Theresa May broke with austerity in rhetoric but not in reality. Boris Johnson has vowed to do both. Has he, uncharacteristically, kept his word?
The Prime Minister can technically claim to have done so. For the first time since 2010, the Conservative manifesto contains no new cuts to public services or social security. In advance of the document’s launch, Chancellor Sajid Javid had already announced a £13.4bn rise in expenditure in 2020-21, the largest increase in public spending for 15 years (including 3.1 per cent for health, 3.3 per cent for education and 6.3 per cent for the Home Office).
But the Tory manifesto dispels any notion that the age of austerity has given way to an age of plenty. The notably slim 59-page document includes a mere £2.9bn of new public spending promises, compared to Labour’s £94.5bn. Johnson’s headline pledge to recruit 50,000 new nurses has already unravelled after the promise was found to include 19,000 “retained” staff (in other words, existing nurses).
Ending austerity is one thing but reversing it is another. Johnson is promising the former – by ending cuts – but not the latter. As Institute for Fiscal Studies director Paul Johnson observed: “Taken at face value today’s manifesto suggests that for most services, in terms of day-to-day spending, that’s it. Health and school spending will continue to rise. Give or take pennies, other public services, and working age benefits, will see the cuts to their day-to-day budgets of the last decade baked in.”
Even by 2023–24, day-to-day spending on public services outside of health will still be almost 15 per cent lower in real terms than it was at the start of the 2010s. Social security claimants will no longer endure benefit cuts but nor will they be compensated for the thousands of pounds they lost during the age of austerity. Johnson may be promising the largest increase in public spending (1.1 per cent of GDP) delivered by any Conservative prime minister since Harold Macmillan. But that merely reflects the public sector’s parlous starting position, rather than a principled embrace of the paternalistic state.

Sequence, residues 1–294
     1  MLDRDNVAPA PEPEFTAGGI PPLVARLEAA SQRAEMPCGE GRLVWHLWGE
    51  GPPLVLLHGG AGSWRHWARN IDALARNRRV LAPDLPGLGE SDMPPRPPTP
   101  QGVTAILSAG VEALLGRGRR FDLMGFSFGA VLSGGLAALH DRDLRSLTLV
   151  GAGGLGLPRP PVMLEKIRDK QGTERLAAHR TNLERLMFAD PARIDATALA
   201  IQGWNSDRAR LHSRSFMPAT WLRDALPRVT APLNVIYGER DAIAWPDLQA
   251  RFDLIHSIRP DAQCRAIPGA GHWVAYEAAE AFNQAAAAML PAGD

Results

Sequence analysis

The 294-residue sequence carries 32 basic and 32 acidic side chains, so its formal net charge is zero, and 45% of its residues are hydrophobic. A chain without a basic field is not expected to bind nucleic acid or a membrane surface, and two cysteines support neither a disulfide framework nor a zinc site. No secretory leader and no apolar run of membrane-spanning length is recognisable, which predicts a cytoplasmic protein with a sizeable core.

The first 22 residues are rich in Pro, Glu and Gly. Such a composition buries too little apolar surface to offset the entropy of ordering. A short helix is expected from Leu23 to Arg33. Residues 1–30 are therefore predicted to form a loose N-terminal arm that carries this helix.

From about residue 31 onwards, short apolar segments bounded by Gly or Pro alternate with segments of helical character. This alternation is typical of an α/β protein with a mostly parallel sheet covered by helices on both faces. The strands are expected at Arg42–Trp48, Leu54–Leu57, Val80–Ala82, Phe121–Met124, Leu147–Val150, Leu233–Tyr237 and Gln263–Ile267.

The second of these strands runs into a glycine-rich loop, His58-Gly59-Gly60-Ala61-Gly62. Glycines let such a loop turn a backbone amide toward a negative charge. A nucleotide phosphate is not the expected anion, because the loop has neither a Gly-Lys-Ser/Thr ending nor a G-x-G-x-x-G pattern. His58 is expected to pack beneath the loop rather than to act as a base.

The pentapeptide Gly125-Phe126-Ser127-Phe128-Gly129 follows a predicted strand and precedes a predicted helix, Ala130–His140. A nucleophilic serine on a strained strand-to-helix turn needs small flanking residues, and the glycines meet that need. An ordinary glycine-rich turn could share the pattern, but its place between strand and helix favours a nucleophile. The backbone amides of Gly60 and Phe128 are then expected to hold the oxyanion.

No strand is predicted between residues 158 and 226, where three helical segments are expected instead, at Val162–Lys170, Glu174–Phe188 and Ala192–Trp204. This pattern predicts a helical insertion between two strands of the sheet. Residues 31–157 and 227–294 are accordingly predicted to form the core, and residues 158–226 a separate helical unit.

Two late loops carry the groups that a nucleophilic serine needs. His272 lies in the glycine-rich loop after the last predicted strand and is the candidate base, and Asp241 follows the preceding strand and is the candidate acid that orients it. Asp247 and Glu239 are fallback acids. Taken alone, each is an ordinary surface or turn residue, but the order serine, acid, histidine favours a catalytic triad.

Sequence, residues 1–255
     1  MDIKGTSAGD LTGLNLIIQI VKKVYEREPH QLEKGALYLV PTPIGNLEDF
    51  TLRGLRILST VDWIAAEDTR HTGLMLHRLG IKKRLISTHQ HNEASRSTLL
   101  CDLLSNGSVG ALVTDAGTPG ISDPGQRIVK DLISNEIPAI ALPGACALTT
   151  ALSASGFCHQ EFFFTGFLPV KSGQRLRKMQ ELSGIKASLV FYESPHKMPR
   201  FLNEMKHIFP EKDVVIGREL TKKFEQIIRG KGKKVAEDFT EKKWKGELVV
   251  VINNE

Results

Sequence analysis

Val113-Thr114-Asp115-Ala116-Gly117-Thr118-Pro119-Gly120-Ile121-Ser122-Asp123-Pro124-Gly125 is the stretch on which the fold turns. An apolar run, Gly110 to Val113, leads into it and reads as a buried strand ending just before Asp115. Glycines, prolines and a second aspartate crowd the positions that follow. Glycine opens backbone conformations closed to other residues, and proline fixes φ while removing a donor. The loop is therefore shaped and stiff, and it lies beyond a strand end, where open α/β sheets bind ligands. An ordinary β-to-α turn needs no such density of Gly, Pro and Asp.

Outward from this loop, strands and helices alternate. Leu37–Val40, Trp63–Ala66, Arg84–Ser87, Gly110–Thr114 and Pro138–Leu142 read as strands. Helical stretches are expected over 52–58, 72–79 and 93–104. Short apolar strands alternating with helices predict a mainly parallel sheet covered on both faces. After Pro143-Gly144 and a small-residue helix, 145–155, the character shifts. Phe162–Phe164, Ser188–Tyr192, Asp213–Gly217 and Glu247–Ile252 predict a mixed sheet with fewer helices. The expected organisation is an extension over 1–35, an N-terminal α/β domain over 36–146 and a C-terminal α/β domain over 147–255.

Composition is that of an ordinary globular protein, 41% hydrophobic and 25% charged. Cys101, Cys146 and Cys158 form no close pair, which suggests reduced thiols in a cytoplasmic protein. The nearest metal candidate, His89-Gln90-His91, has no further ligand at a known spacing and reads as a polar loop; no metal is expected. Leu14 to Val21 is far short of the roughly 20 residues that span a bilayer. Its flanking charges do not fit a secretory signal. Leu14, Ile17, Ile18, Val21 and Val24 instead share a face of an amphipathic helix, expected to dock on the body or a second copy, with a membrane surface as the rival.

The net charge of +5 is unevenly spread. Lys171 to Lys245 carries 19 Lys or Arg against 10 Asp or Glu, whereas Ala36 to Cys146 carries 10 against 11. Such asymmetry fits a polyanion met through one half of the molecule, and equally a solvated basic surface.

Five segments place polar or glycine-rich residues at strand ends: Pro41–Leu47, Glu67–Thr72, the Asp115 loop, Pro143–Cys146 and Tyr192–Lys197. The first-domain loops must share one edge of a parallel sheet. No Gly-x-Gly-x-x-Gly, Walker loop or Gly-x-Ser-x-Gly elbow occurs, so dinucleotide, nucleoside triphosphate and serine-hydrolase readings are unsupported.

Yet far from the age of “big government” being over, voters now long for its return. The 2018 British Social Attitudes survey found that 60 per cent favour higher taxes and spending (the highest level in 15 years), 33 per cent support present levels and a mere 4 per cent wish to further roll back the state.
Mindful of this, the Tory manifesto includes no major tax cuts, with Johnson abandoning earlier promises to raise the 40p income tax threshold from £50,000 to £80,000 and to cut corporation tax from 19 per cent to 17 per cent. The £6.3bn saved by the latter more than offsets the £3.6bn of tax cuts (including a rise in the National Insurance threshold from £8,628 to £9,500) promised by the document.
Whichever party wins the election, the state will expand and the tax take – already at its highest sustained level since the 1940s – will rise. But though austerity has been formally ended, it will take several years for voters to register any difference.
Brexit, planned cuts to immigration and an ageing population will all intensify spending pressures over the next decade. In the absence of higher tax rises or borrowing, significant parts of the public sector will continue to be deprived of resources. Austerity may have ended but its baleful legacy will long endure.